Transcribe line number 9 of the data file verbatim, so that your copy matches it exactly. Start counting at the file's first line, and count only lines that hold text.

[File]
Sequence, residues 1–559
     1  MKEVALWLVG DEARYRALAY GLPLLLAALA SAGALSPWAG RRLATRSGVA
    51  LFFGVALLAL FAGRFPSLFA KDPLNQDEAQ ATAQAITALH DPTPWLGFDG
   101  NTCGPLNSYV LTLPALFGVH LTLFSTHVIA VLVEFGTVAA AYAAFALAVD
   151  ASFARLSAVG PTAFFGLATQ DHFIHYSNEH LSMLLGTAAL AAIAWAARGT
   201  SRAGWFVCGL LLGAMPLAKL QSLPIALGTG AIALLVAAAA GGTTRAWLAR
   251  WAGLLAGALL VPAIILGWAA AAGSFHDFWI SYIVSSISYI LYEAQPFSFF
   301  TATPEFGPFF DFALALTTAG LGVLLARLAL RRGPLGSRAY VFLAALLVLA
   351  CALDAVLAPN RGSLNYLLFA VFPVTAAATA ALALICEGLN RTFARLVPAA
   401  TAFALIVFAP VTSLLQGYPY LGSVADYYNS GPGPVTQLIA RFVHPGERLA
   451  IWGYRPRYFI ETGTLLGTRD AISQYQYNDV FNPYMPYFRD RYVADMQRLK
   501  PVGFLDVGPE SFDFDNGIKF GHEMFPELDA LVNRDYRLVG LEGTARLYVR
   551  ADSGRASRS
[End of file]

   351  CALDAVLAPN RGSLNYLLFA VFPVTAAATA ALALICEGLN RTFARLVPAA